Links I Shared on Twitter this Week: June 21: #SchoolLibrarians, #SummerReading + ReadingChoice: All Important

TwitterLinksHere are highlights from the links that I shared on Twitter this week @JensBookPage. Topics this week include #BookAccess, #Dyslexia, #FreeRangeKids, #GraphicNovels, #GrowingBookworms, #HungerGames, #ReadingChallenges, #ReadingChoice, #SchoolLibrarians, #SummerReading, #SummerSlide, #testing, #ViewpointDiversity, conversation, learning, play, and publishing. 

Top Tweet of the Week

GameChangerIf Kids Can’t Read What They Want in the Summer, When Can They? | Excellent op-ed from @donalynbooks @sljournal on why kids need choice in #SummerReading to develop #LoveOfBooks | Please share w/ #teachers you know


On the Importance of Learning to Argue - @HdxAcademy "In order to flourish (as a society), we must engage in truly #CivilDiscourse" | #ViewpointDiversity #conversation

ListeningLeaderAm I Listening? – #SchoolPrincipal @ritaplatt shares her efforts to cultivate a Listening #Mindset @ReadByExample | I think anyone could benefit from working to improve #listening skills

Events, Programs + Research

New research finds: Thinking About Their Own Multiple Identities Boosts Children’s Creativity + Problem-Solving Skills – @Psych_Writer @ResearchDigest @sarahegaither #FlexibleThinking

The #GlobalReadAloud and integrating w/ a #Literacy Curriculum | #GRA19 @pernilleripp #ReadAloud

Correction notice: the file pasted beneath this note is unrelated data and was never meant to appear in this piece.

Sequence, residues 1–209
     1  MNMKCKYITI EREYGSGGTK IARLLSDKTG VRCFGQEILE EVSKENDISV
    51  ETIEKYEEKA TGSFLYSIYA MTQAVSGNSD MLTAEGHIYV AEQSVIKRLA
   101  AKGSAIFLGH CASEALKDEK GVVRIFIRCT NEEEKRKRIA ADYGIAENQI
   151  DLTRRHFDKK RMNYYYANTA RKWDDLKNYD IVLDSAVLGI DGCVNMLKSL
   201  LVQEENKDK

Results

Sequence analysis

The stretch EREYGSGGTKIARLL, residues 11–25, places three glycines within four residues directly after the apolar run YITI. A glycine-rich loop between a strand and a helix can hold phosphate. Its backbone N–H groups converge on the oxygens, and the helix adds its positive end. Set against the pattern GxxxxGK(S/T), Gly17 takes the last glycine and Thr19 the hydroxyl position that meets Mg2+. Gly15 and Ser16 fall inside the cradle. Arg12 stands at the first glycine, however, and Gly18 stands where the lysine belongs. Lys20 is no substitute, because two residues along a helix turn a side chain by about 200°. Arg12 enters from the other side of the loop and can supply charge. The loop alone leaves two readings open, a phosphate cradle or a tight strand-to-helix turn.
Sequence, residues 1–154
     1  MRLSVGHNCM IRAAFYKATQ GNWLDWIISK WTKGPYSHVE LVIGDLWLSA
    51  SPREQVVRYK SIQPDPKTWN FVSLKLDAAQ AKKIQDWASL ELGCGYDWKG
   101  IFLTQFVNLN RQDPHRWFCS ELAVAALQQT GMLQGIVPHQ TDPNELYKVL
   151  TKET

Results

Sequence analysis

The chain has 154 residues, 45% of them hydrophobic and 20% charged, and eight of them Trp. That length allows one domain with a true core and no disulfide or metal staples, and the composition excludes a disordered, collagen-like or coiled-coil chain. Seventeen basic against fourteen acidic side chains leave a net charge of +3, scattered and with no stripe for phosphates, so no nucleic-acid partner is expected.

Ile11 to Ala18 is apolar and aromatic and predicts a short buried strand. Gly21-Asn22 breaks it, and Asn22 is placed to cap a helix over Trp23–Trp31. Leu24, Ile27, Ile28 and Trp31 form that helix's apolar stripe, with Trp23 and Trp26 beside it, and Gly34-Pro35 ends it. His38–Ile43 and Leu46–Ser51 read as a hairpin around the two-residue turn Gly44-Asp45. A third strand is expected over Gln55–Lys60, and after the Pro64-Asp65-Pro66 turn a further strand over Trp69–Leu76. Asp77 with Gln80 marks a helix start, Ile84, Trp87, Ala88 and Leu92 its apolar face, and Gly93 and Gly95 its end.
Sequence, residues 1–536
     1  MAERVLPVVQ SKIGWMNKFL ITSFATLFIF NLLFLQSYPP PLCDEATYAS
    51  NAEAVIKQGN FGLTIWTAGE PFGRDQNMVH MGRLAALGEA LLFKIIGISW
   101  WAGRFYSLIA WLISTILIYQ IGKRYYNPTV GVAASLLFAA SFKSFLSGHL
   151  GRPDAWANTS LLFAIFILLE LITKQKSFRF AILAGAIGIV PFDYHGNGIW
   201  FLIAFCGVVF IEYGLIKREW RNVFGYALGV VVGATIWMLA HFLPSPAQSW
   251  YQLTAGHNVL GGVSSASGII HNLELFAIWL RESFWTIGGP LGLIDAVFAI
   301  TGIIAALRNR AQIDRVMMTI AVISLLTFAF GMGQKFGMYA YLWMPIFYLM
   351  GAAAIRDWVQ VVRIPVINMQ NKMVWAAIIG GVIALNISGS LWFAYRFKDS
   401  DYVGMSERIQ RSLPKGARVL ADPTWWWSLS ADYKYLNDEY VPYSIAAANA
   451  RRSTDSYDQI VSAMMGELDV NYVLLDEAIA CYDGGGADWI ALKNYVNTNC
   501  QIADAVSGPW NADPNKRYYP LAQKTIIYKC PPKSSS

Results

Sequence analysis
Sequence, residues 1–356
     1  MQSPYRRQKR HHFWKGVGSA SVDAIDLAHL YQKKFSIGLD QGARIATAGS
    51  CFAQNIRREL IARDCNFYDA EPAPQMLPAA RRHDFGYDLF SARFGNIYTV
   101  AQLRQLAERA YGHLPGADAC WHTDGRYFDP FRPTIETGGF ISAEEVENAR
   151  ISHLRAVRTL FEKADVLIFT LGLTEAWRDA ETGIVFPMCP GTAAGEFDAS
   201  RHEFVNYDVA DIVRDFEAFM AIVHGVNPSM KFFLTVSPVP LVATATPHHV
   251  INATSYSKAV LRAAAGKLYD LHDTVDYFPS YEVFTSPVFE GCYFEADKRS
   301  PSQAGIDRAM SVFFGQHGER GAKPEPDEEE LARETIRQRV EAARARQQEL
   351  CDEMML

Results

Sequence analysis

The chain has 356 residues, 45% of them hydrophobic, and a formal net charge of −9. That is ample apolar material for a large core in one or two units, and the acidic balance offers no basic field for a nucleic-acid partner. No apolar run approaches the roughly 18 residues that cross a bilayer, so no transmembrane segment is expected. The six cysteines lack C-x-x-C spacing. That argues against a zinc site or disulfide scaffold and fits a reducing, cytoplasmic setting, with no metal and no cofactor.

A Core Subgroup of Believers Don’t Just Think #LearningStyles Are Real, But Also Inherited + Hard-Wired In The Brain – @mattbwarren @ResearchDigest | Seems counter to #GrowthMindset | @pritirshah

Growing Bookworms

DogManFleasThis post will bring a tear to the eye of people who care about kids + #reading | Dog Man to The Rescue: How #BookAccess Saved My 3rd Grade Student by #SchoolLibrarian @RaisingReal @nerdybookclub

#NoSummerSlide Week 3 from @TheReadingTub – Goal Getters Edition | Encourage kids to think about things they want to do over the summer while building #literacy

The Purpose of reading…What is your reading offer part 2. | @smithsmm on things #schools need to do to create readers, w/ deep dive on purposes kids may have for #reading

On Reading, Writing, Blogging, and Publishing

MatildaMy Favourite Villains by @ClaireFayers @AwfullyBigBlog | Who are your favorite fictional villains? I'm with Claire on Matilda's parents. Ugh!

This is interesting: #HungerGames prequel set 64 years earlier coming in 2020 @Scholastic #SuzanneCollins #dystopia #YA

The Adults Voluntarily Giving Themselves #Reading #Homework | @julieebeck on #ReadingChallenges in @TheAtlantic via @MindShiftKQED | Personally, I prefer to read as the spirit moves me. I don't even do #BookClubs

Were Youth Books Truly Diverse in 2018? @lochwouters takes a look at the #publishing statistics | #DiverseBooks #kidlit #DiversityJedi

AlphaBooks for the #Dyslexic Child Reader: Why the British Do It Better — @fuseeight @BarringtonStoke | #publishing #kidlit